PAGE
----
This establishes a personal connection that many
online students miss. If you have the students
develop the homepage tool in Blackboard you can
print these out – they are particularly helpful
if students have uploaded a photo of themselves.
- There always seem to be some online students
who don’t post to the Discussion Board even
though it is a course requirement. Some online
instructors will allow a student to make up
missed points by submitting a summary of that
week’s Discussion Board posts. This summary
could be submitted by email to the instructor or
posted to the Discussion Board.
Tech-Talk-Topic - Terry Gray
Publishing to Blackboard from StudyMate
We have written about StudyMate a good deal (see
49, and more). StudyMate is
an authoring tool that allows professors to create
10 different Flash-based activities and games (Fact
Cards, Flash Cards, Fill-in-the-Blank activities,
Matching, Multiple Choice quizzes, Crossword
puzzles, a Jeopardy-like "Challenge" game, etc.)
using four simple templates. The Flash activities
can be placed on any web server or can be published
directly to your Blackboard courses. StudyMate will
import items from MS Word files or the Respondus
Test Bank Network, making it easy to create
interesting, interactive activities from existing
content. Version 2 of the product was new last
December, which added a new question template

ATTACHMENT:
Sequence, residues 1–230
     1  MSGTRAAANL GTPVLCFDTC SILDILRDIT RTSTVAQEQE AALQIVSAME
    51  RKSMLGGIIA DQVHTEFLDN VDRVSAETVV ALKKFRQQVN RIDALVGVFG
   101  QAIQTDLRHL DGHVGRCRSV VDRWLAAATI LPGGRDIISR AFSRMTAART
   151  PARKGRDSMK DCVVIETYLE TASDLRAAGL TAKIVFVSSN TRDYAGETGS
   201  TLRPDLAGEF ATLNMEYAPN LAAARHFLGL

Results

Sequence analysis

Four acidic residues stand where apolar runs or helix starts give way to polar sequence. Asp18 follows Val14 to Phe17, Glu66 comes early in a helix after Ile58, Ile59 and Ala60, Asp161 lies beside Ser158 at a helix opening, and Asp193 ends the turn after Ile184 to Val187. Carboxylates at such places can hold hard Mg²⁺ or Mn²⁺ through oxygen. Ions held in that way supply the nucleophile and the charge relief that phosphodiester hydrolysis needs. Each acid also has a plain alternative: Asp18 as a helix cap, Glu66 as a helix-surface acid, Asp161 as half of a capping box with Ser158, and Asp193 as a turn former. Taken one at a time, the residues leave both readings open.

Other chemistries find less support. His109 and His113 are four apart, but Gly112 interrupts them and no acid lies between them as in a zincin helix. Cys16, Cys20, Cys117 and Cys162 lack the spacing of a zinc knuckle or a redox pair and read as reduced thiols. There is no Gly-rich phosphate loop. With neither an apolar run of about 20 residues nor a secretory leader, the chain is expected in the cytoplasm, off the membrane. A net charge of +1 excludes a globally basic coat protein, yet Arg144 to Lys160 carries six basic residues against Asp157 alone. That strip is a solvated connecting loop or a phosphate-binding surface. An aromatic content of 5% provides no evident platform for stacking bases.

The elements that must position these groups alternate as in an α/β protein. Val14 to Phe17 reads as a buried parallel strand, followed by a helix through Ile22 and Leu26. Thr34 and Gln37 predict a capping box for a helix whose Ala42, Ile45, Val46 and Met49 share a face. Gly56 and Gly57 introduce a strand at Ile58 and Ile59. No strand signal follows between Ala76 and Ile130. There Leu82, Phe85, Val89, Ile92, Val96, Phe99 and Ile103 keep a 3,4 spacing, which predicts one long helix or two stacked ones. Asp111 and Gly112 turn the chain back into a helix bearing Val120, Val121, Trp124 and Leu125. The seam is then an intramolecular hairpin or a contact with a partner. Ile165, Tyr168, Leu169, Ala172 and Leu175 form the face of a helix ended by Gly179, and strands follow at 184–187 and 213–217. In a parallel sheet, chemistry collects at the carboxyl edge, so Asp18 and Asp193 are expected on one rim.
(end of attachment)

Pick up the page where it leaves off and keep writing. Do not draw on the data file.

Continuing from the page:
(calculated questions, supporting many math
functions and any number of variables), embedded
audio in mp3 or wav format, and output for the small
screen (i.e., the iPod, PSP, smart phone, PDA, etc.
- see our article "Flashcards
on the iPod,").
To get a feel for these activities,
click here to see them in action on a web page.
This is a very plain web page, but it can be dressed
up in any way you wish.
Any Palomar instructor may login to our
StudyMate distribution point (using their
Palomar login credentials - email address as
username, email password as password) and
download/install/register the program on their own
PC, at work and/or at home. The number of PCs
on which it can legally be installed is not limited,
but note that it is ONLY for PC, not the Mac,
Available for training we have a PDF
User's Guide (78 pages) and a PDF
Quick Start Guide, a set of
demo movies, and various
How-to guides. On the whole, StudyMate is
indeed very easy to use. The only thing that
becomes slightly confusing is how to publish your
StudyMate activities to Blackboard. There are
two ways to do it. I will describe both below.
Method 1: Creating a Zip File and "Unpackaging"
It In Blackboard
After you have input or imported your StudyMate
terms and questions, you will click the Publish tab
and enter the Publish Wizard. On the initial